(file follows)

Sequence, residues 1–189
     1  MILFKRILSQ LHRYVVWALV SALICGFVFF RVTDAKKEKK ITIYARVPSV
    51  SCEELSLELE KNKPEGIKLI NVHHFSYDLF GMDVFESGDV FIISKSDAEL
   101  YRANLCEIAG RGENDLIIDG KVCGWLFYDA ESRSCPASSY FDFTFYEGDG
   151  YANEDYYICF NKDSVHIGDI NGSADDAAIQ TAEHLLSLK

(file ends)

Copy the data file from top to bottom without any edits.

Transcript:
Sequence, residues 1–189
     1  MILFKRILSQ LHRYVVWALV SALICGFVFF RVTDAKKEKK ITIYARVPSV
    51  SCEELSLELE KNKPEGIKLI NVHHFSYDLF GMDVFESGDV FIISKSDAEL
   101  YRANLCEIAG RGENDLIIDG KVCGWLFYDA ESRSCPASSY FDFTFYEGDG
   151  YANEDYYICF NKDSVHIGDI NGSADDAAIQ TAEHLLSLK